Classic Rock climbs on board and catches up with Lemmy and co.
The Old Man And The Sea: All Aboard The Motorhead Motorboat
Motörhead Motörboat: floating den of debauchery, or retirement cruise for the grand old man of metal?
"The old man was thin and gaunt with deep wrinkles in the back of his neck... Everything about him was old except his eyes and they were the same colour as the sea and were cheerful and undefeated.”– The Old Man And The Sea, Ernest Hemingway
It is almost 3pm. The storm that met us in the Cancun Channel has passed and the passengers are disembarking into the island port of Cozumel. A long line of dudes with beards and black T-shirts stretches down the dockside where Mexicans dressed as ancient Mayans, psychedelic mariachi bands and gay pirates prepare to separate them from their money with salty cocktails and fancy shitnaks.
The old man in the naval captain’s hat in Penthouse 1, a deluxe suite that overlooks the deck of the Carnival Ecstasy, couldn’t care less. He’s not going to Mexico (“I’ve been,” he shrugs). The blinds are drawn, the ship is still for the first time in three days, and the man sips a glass of rosé wine and thinks of an old friend of his who went by the name of Daniels.
“I can’t drink Jack now,” he says. “I don’t like the taste of it any more. I came out the hospital with a set of different tastes in me. I drink vodka now. Only now and again. More social. I don’t drink at home hardly. Just wine mostly. I don’t smoke at home, but I’ll smoke a few cigarettes out here because you meet people who still smoke and, fuck it, you know? Does smoking affect my singing? My singing depends on it, man.”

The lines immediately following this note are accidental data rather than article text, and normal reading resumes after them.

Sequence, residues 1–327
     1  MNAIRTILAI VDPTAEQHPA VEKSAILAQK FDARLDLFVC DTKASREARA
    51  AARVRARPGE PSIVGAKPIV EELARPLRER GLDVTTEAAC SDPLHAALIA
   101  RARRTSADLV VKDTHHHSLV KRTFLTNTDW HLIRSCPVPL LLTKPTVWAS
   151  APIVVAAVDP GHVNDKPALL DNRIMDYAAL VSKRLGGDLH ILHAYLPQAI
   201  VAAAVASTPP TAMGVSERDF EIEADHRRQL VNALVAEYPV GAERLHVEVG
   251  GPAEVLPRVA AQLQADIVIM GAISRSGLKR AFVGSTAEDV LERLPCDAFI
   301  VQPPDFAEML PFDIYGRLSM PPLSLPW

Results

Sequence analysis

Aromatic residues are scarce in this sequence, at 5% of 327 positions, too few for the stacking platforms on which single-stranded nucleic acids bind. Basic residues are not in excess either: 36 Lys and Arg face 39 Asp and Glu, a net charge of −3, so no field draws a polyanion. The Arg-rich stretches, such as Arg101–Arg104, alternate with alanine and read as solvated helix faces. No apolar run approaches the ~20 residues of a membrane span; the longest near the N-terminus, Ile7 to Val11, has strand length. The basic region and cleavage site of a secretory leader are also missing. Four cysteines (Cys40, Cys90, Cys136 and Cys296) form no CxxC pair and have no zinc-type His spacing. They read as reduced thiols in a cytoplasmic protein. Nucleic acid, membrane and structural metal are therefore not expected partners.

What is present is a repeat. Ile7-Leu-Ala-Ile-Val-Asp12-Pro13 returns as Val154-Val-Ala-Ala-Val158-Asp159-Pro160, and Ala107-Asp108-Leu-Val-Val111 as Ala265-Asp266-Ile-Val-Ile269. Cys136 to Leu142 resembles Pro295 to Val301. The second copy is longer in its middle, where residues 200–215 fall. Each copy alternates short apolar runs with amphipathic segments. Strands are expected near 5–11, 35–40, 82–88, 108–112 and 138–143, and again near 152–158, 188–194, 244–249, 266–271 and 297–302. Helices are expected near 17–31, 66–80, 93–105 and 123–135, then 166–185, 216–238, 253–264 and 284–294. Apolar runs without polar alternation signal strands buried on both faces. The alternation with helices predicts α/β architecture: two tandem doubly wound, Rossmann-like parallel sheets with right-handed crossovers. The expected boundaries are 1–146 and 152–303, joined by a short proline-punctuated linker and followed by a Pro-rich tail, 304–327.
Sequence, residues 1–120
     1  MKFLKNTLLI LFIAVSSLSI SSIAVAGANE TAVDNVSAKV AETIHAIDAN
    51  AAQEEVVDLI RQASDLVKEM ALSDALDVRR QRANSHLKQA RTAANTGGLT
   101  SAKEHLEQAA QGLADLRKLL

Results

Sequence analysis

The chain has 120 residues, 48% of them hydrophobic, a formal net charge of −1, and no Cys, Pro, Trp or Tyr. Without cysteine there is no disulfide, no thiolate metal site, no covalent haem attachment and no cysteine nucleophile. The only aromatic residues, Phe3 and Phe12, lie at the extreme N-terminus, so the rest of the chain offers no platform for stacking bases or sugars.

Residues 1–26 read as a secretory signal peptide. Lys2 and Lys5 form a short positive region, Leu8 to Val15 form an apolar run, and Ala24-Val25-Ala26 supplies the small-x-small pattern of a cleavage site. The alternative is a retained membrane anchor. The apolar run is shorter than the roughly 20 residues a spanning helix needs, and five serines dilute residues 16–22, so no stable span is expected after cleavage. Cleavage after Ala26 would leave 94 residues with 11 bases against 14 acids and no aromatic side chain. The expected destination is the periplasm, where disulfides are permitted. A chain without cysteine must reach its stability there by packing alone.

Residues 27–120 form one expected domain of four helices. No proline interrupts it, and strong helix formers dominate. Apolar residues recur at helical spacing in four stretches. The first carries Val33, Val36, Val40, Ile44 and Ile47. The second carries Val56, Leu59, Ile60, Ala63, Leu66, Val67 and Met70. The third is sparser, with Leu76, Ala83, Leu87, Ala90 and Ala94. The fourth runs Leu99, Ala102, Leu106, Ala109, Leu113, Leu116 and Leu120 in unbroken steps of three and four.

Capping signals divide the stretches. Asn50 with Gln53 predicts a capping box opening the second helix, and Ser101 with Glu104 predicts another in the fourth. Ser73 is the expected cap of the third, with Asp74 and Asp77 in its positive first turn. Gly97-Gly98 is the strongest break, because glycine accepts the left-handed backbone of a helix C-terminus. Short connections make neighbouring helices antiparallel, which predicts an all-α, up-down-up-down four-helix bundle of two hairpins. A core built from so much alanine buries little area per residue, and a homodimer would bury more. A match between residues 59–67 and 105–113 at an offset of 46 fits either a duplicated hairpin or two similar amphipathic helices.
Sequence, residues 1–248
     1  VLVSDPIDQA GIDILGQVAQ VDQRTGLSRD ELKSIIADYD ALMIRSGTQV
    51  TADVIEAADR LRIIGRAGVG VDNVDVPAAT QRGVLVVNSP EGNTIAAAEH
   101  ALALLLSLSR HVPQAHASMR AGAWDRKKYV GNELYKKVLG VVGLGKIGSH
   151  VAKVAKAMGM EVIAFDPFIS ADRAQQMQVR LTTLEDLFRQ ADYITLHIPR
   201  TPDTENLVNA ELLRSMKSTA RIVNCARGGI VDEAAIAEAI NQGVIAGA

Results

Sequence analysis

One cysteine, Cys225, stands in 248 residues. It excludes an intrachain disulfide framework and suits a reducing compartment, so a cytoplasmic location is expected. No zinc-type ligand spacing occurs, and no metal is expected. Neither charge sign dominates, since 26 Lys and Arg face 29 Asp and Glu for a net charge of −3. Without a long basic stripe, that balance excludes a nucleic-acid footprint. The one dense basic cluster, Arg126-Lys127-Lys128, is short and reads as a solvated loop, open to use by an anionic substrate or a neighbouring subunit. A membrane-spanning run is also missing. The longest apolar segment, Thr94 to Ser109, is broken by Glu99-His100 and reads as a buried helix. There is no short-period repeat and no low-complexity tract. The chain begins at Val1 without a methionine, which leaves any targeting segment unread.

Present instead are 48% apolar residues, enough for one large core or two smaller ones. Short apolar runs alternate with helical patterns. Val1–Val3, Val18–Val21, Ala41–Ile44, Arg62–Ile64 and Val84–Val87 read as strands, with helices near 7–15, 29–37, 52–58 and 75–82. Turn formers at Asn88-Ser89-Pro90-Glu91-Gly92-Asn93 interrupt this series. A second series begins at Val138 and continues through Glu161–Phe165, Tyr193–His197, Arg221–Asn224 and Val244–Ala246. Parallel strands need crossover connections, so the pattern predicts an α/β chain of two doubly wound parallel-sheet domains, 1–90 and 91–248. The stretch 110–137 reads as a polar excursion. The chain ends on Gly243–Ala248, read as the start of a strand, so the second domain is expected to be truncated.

You could say there are two captains on the Carnival Ecstasy. There’s the man responsible for navigating the Gulf of Mexico, docking the ship and running the crew – Pierluigi Barrile, Italian born and the youngest captain in the Carnival fleet – and then there’s our guy, the old man in Penthouse 1, who not only has the hat, he’s the reason 1,500 or so people have come from all over the world to fill this boat and wear his uniform: the one with the badge that says ‘Motörhead, England’. Today, this is his fucking boat.
The old captain, Lemmy (a man who can’t swim and doesn’t even have a driver’s licence), has been keeping the young captain up at night. “I didn’t go into the main lounge where Motörhead were playing,” says Barrile. “It was too noisy.” He adds that he’s “heard of Motörhead but not heard them”. Well, not really: “I could hear them from my cabin,” he says. “I’m at the back of the boat so the speakers are right under – everything vibrates!”
But for now the cabin is still. Almost exactly 10 years ago, in what was my first official assignment as a Classic Rock staffer, I interviewed Lemmy in a hotel room in London. Back then, within minutes he had poured me the first of many half pints of Jack Daniel's with a dash of Coke (“Well, you don’t want it diluted too much, do ya?”) and offered me drugs off the end of a knife. Today, Lemmy sips wine and offers me a beer.
I ask him the same question I asked Mikkey Dee earlier and will ask Phil Campbell days later: how would he sum up the last year in Motörhead?
“Pretty good actually,” says Lemmy. “Apart from the illness I had. But that’s not Motörhead, that’s me. Motörhead’s been going from strength to strength.”
“It’s been good,” says Campbell. “We’re just finding our feet again. Lem’s a lot healthier now, the album’s done really good for us and there’s more work on the table than we can handle. If we’re turning down work all the time it can’t be too bad.”
And Mikkey? How would he sum up the past year? Mikkey doesn’t hesitate: “A fucking mess,” he says.
For more information on 2015’s Motörboat Cruise, visit www.motorheadcruise.com
TeamRock+ members can exclusively read the full Lemmy interview here.